WEDNESDAY, Aug. 17 (HealthDay News) -- A nationwide outbreak of human Salmonella Typhimurium infections in the United States in 2008 has been attributed to eating a specific brand of contaminated peanut butter and peanut products, according to a study published in the Aug 18 issue of the New England Journal of Medicine.
Large Variation in Reoperation Rate After Colorectal Surgery
WEDNESDAY, Aug. 17 (HealthDay News) -- Reoperation rates after colorectal surgery vary significantly between hospitals and among surgeons in England, according to a study published online Aug. 16 in BMJ.
Coronary Stents and Peri-Op Antiplatelet Drug Use Reviewed
TUESDAY, Aug. 16 (HealthDay News) -- In patients on dual antiplatelet therapy (DAPT) undergoing non-cardiac surgery (NCS) within one year of coronary stenting, APT withdrawal should be decided after assessing the risk of perioperative bleeding and cardiac ischemic events, particularly stent thrombosis (ST), according to a review published online Aug. 5 in the Journal of Thrombosis & Haemostatis.
Early Neurolysis Reduces Pain in Inoperable Pancreatic CA
TUESDAY, Aug. 16 (HealthDay News) -- Early endoscopic ultrasound-guided celiac plexus neurolysis (EUS-CPN) is associated with reduced pain and may decrease morphine consumption in patients with painful, inoperable pancreatic adenocarcinoma, according to a study published online Aug. 15 in the Journal of Clinical Oncology.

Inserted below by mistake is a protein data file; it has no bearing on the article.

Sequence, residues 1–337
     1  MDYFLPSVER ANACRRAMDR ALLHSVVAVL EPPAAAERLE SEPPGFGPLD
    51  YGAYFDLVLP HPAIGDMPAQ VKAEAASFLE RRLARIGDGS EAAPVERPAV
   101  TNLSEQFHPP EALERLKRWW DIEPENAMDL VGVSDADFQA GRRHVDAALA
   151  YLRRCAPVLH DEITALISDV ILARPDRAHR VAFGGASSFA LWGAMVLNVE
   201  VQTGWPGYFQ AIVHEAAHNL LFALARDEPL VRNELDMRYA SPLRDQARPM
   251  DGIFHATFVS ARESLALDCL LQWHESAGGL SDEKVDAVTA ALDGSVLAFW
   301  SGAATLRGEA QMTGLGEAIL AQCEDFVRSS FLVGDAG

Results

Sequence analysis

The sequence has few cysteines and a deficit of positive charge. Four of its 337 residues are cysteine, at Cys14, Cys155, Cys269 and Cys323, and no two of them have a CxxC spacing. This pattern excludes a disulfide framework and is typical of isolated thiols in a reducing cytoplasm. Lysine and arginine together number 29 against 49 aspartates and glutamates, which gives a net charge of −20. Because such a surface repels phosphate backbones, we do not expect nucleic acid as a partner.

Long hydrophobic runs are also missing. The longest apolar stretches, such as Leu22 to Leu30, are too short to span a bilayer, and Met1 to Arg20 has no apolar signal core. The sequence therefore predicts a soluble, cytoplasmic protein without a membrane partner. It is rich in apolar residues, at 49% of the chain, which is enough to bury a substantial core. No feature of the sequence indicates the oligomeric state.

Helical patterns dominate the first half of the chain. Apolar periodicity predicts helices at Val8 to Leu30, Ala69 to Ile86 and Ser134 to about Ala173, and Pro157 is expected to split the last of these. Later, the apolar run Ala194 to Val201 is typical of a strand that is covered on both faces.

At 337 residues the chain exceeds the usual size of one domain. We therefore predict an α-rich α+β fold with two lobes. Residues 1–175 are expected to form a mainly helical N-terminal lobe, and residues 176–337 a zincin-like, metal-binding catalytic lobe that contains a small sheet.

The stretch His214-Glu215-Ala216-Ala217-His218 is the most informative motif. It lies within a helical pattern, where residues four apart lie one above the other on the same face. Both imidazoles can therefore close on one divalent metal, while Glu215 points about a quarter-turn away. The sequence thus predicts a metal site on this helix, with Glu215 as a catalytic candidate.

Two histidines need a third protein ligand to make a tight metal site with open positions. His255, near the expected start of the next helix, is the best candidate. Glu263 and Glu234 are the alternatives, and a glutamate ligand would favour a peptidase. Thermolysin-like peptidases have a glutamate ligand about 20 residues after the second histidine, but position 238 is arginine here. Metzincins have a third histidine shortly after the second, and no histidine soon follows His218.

Bevacizumab, Chemo Beneficial in Advanced Gastric Cancer
TUESDAY, Aug. 16 (HealthDay News) -- The addition of bevacizumab to chemotherapy is linked to improved progression-free survival and overall response rate in the treatment of advanced gastric cancer, according to a study published online Aug. 15 in the Journal of Clinical Oncology.
Genetic Association Identified for RAC1, Ulcerative Colitis
FRIDAY, Aug. 12 (HealthDay News) -- A genetic association has been identified between RAC1 and ulcerative colitis, with increased expression linked to susceptibility to colitis in humans and disruption of Rac1 in mice protecting against dextran sulphate sodium (DSS)-induced colitis, according to an experimental study published in the August issue of Gastroenterology.
Linaclotide Safe, Effective for Treating Chronic Constipation